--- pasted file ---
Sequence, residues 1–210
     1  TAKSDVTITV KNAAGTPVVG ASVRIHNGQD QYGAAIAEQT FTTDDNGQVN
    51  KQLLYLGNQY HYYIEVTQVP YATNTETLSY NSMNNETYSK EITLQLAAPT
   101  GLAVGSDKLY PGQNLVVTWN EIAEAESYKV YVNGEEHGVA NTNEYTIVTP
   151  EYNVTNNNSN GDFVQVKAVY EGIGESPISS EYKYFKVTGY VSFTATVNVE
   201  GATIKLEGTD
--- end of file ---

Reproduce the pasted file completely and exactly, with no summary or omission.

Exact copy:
Sequence, residues 1–210
     1  TAKSDVTITV KNAAGTPVVG ASVRIHNGQD QYGAAIAEQT FTTDDNGQVN
    51  KQLLYLGNQY HYYIEVTQVP YATNTETLSY NSMNNETYSK EITLQLAAPT
   101  GLAVGSDKLY PGQNLVVTWN EIAEAESYKV YVNGEEHGVA NTNEYTIVTP
   151  EYNVTNNNSN GDFVQVKAVY EGIGESPISS EYKYFKVTGY VSFTATVNVE
   201  GATIKLEGTD